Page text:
I'm a bit puzzled by the fact that GCC religiously saves R0 in IRQ prologues (and restores it in epilogues), but basically doesn't seem to use that register in any generated code. (Some of the avr-libc ASM inlines use it though, e.g. for reading an EEPROM byte.)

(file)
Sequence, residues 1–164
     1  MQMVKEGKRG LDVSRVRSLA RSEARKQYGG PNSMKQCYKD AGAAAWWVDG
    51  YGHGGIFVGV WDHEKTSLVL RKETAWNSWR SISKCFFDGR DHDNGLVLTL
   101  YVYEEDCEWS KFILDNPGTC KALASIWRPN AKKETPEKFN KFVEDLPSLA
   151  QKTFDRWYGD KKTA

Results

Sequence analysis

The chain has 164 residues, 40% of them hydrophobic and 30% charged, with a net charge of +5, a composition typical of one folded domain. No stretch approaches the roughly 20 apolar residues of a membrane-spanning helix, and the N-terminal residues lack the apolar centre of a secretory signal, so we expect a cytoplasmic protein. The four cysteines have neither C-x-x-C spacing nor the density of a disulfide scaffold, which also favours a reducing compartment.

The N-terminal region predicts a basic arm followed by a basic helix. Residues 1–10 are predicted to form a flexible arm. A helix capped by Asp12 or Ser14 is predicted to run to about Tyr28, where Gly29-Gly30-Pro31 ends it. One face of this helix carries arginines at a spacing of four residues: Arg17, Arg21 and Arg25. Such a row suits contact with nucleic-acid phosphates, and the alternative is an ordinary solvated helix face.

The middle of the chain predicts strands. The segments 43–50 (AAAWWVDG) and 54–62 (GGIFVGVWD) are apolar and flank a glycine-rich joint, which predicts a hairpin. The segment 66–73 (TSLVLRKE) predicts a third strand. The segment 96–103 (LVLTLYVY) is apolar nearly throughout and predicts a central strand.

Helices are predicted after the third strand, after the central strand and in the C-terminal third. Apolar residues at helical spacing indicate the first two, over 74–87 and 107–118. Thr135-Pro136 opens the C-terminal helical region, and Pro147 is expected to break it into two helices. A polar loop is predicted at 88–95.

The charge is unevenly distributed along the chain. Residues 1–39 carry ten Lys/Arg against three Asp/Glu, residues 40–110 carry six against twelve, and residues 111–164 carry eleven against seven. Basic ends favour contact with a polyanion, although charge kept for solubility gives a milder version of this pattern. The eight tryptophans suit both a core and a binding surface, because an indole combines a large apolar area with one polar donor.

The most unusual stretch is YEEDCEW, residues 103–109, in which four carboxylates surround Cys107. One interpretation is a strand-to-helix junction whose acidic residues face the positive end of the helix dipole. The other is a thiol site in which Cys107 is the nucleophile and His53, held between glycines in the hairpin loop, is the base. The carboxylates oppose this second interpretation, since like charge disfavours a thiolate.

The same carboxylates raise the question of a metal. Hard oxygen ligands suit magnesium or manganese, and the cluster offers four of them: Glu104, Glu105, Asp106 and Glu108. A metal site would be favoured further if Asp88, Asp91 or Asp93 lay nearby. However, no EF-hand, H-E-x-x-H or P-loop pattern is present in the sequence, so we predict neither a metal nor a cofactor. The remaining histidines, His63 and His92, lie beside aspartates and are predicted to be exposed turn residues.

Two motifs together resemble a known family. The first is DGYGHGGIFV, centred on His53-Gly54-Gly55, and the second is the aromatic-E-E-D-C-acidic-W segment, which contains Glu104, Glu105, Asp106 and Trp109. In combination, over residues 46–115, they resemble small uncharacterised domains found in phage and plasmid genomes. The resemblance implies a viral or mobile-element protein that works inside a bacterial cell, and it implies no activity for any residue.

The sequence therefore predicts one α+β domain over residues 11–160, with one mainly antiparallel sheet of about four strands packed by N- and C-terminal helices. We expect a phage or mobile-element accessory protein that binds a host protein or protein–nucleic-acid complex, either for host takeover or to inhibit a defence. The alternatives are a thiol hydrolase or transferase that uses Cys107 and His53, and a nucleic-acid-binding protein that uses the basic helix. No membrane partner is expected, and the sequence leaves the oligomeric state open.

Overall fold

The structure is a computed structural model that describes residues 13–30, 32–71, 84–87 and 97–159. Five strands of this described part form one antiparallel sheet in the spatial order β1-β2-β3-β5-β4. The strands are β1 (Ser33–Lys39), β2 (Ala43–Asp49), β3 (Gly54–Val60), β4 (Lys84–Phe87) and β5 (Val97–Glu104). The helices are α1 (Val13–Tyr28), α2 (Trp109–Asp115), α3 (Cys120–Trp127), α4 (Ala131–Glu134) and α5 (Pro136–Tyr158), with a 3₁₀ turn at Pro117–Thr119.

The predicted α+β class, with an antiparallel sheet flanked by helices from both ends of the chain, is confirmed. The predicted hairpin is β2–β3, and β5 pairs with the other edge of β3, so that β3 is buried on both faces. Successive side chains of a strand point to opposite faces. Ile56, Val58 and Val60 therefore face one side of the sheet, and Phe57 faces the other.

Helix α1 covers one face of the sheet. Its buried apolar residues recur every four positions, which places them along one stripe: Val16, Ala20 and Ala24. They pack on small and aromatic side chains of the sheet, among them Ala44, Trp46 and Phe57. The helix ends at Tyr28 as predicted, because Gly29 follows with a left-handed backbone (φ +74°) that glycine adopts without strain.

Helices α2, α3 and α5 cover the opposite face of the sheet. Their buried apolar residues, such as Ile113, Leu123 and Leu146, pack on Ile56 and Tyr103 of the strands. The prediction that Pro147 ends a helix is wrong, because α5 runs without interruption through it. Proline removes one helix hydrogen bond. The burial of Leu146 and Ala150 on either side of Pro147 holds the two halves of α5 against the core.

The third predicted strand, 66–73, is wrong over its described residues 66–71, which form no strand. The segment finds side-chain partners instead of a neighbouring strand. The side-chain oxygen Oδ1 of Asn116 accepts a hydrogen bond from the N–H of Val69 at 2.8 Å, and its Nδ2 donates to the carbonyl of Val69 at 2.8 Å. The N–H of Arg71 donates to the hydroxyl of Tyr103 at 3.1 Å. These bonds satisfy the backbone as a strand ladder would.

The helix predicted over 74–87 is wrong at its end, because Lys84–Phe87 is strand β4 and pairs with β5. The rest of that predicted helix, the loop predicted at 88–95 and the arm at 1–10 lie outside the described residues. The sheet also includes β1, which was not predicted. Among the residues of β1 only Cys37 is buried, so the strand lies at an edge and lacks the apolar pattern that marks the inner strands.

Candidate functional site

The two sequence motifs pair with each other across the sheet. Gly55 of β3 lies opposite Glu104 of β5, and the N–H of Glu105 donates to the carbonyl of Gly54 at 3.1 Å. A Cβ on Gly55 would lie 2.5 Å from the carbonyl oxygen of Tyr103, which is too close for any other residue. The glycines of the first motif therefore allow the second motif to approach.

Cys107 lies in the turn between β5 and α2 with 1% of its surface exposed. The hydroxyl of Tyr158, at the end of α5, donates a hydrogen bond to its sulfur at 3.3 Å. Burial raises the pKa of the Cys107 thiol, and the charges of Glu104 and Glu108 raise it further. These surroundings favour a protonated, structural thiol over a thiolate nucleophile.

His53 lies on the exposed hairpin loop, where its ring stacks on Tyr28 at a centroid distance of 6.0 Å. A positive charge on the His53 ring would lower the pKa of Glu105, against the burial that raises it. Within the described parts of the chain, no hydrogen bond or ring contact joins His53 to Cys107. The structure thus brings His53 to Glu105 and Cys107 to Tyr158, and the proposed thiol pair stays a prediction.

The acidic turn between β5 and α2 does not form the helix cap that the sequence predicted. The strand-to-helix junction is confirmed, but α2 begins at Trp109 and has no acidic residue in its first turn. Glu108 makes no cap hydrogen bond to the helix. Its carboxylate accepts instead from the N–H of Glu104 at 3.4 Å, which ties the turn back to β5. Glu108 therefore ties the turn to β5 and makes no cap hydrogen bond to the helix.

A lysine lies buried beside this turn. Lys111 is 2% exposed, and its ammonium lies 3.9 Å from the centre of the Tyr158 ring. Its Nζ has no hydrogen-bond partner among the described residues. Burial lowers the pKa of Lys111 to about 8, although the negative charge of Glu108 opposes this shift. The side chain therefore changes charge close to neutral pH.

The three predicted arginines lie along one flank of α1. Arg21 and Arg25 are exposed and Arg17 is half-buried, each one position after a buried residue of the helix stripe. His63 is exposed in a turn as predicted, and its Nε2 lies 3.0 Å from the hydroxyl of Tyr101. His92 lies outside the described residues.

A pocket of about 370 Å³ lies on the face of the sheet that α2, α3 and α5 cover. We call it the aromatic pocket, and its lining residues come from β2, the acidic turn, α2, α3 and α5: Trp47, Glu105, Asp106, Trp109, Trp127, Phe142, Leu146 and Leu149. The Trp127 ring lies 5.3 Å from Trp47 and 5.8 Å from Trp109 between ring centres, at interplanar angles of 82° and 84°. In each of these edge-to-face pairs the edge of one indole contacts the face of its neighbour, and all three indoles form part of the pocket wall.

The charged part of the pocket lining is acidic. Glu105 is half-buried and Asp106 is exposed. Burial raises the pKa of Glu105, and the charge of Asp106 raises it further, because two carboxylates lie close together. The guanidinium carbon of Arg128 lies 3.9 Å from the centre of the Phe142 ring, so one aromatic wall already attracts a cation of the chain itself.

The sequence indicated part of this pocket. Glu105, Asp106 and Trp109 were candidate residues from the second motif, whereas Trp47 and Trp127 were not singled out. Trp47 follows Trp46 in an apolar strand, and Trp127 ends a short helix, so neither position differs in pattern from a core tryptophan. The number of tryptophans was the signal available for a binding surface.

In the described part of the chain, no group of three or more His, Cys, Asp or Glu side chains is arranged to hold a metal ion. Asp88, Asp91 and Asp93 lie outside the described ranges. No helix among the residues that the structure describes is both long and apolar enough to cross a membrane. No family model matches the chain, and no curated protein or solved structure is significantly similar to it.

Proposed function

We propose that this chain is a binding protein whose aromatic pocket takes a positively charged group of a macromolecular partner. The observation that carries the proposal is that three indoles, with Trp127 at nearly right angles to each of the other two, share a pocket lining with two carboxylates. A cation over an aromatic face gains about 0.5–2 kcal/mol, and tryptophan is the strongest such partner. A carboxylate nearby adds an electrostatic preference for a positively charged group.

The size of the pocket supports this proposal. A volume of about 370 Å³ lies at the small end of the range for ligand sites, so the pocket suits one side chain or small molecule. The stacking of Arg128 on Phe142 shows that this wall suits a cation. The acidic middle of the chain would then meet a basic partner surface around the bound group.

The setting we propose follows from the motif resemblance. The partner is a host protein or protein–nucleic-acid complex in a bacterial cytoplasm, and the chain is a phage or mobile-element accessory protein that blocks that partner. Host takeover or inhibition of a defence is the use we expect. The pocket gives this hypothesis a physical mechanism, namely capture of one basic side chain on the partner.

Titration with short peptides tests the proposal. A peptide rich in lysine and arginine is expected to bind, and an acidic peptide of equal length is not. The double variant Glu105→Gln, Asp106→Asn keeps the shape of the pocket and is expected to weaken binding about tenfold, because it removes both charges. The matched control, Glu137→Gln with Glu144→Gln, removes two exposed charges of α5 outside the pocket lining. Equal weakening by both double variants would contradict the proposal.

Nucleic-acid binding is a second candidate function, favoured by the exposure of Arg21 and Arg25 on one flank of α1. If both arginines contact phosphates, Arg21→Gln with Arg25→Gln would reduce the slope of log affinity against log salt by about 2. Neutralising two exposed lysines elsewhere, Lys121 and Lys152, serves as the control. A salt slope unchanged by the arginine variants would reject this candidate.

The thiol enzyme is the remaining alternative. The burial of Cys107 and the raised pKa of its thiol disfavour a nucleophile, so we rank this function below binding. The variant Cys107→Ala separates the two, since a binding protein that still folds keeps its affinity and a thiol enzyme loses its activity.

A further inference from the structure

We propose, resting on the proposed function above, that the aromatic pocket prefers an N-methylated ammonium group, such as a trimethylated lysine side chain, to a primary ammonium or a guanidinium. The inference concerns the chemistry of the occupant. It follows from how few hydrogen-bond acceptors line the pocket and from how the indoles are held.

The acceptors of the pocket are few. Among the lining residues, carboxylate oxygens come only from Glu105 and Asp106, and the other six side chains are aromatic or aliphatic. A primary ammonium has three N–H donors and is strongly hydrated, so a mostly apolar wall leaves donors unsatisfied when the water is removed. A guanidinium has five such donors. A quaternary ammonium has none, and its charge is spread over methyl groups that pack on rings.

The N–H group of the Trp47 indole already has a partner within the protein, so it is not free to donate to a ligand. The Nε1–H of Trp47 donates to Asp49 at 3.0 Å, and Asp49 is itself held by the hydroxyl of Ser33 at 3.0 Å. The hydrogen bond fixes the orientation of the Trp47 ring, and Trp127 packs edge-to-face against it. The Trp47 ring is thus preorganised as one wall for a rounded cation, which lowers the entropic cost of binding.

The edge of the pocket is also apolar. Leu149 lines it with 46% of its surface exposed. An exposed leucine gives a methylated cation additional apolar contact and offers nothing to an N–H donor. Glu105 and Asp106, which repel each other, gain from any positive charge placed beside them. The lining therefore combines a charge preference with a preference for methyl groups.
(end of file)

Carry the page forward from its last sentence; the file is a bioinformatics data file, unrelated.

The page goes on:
What's up with that? For IRQ handlers that means a constant needless overhead of two instructions ... and often some additional overhead to save a scratch register (say, r24) that's not actually needed (since r0 is available). Since I'm right now squishing code into an ATtiny24, saving two or four instructions per IRQ handler seems very attractive. I'd kind of expect that it would be both possible and desirable to just tell GCC to treat r0 like any other call-clobbered (?) register, and that would ease register pressure (in some cases) and shrink code. That is, possible for someone who understands the deep magicks associated with those invocations to the dark gods of GCC internals ... not me!